If you’re receiving services for a mental health diagnosis, there a few things you should know about how to ally with your clinician to benefit the most from your treatment. This article seeks to help people carrying a mental health diagnosis benefit the most from therapy and psychiatric monitoring at various levels of care regardless of specific disorder or symptoms. As always, be sure to consult with your therapist and psychiatrist before implementing the skills learned in this blog in your living environment.
Cultivating Trust between Patient and Provider
The therapeutic alliance hinges on a presumption of trust. The presumption of trust intersects with various aspects of treatment, and to benefit from your services, you should familiarize yourself with each one.
At the onset of treatment you will go through an assessment by your therapist and an evaluation by your psychiatrist. At this point in your relationship, you’ve just met one another, and, will need to as thoroughly as possible explain your clinical picture or why you are in need of treatment at this time. Trusting that your provider is formulating the right impression of your particular situation will not only reduce your stress level that treatment will be effective it will also help to reduce the likelihood of any adversarial feelings between the service recipient and the clinician. Accepting that your provider will never totally understand your situation because he or she isn’t on your personal journey is also important for several reasons. First, it puts the burden of knowing what you want to target in treatment on you, and, it serves to reduce feelings of being misunderstood by your clinician which serves to undermine the alliance altogether.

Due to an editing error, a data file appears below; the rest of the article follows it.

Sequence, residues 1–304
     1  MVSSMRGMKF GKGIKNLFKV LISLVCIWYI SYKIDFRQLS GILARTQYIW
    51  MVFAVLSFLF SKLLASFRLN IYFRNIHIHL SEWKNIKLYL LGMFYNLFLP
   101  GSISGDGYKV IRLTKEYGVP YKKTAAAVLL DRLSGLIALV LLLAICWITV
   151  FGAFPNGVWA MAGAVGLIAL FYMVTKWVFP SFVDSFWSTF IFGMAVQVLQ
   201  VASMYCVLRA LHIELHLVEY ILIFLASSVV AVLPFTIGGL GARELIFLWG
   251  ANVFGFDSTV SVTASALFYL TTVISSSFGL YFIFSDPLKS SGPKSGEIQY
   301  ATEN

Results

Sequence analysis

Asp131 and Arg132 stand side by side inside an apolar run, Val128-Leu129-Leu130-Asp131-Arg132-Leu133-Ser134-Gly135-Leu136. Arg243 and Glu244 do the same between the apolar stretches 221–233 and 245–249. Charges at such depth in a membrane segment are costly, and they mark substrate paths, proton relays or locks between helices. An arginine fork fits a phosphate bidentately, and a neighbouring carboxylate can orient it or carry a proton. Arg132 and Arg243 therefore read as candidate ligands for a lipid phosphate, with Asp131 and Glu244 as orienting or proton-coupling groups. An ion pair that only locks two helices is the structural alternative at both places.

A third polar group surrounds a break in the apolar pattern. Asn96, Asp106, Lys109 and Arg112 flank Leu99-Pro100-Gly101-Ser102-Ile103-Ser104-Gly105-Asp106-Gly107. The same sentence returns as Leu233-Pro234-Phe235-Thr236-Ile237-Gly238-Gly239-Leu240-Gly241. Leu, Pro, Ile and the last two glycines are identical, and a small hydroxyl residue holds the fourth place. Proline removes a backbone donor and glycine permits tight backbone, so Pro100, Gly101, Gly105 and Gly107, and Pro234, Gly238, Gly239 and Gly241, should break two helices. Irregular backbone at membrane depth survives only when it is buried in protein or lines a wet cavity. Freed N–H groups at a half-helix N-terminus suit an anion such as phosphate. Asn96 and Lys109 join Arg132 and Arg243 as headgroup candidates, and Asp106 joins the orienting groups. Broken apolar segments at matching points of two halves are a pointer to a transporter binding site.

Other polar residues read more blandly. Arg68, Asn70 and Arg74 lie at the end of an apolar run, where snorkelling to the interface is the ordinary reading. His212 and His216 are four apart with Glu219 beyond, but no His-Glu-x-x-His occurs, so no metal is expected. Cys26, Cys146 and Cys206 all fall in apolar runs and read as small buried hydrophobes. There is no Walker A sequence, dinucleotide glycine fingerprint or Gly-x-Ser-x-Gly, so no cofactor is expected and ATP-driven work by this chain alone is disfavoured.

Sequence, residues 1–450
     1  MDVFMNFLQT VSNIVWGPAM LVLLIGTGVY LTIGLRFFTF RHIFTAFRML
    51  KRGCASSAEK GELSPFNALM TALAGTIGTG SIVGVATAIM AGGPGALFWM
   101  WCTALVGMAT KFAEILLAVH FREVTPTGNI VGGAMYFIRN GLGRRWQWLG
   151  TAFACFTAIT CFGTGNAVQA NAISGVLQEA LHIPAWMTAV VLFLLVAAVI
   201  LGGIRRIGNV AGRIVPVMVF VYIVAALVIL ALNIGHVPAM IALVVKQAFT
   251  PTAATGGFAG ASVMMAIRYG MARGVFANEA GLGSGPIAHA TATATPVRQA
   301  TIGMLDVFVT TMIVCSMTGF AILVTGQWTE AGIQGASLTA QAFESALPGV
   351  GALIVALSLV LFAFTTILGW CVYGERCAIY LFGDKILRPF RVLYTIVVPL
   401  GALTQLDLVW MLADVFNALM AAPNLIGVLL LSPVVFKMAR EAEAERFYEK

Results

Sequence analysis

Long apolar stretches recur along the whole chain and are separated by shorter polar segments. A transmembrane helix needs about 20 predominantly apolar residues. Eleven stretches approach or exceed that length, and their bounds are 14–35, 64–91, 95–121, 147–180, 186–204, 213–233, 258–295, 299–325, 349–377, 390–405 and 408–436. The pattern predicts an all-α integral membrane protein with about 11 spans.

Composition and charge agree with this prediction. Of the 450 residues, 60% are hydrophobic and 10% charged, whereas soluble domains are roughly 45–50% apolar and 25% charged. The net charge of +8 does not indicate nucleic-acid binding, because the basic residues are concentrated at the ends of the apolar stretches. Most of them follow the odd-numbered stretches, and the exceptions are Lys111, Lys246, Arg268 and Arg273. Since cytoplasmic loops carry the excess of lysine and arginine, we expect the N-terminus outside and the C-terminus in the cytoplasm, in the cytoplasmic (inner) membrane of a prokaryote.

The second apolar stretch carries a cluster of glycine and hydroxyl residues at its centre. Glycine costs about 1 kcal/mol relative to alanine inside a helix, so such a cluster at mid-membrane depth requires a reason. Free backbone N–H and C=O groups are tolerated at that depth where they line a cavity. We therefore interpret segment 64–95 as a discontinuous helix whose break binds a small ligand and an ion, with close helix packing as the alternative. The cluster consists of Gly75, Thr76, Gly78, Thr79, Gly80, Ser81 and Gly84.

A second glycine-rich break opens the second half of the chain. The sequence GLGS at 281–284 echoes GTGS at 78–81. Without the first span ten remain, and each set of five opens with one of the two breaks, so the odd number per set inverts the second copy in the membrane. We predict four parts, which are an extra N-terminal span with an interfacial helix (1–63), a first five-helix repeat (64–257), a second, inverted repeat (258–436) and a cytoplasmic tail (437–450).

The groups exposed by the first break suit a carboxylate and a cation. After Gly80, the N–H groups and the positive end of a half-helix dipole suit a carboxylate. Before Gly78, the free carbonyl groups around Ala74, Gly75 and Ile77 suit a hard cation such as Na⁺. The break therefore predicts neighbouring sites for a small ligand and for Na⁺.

As the course of treatment unfolds, you will need to choose what you will report in terms of successes and challenges in your day to day life. Knowing what to disclose keeps sessions on point, and, it also speaks to how much you trust your provider to react to your reporting with interventions that are proactive and not alarmist. Simply put, trusting your provider to make the right judgement call in the end requires a level of trust between both service recipient and provider that is in the best interest of safety and supports your recovery towards your goals. In order for your provider to intervene successfully the presumption of trust must be established or your treatment will run the risk of being too restrictive or even negligent. In the end, accepting that your participation is vital to the success of your treatment is going to either drive you closer towards goals or keep you from missing the learning moments revealed through savvy reflection with your clinician during therapy.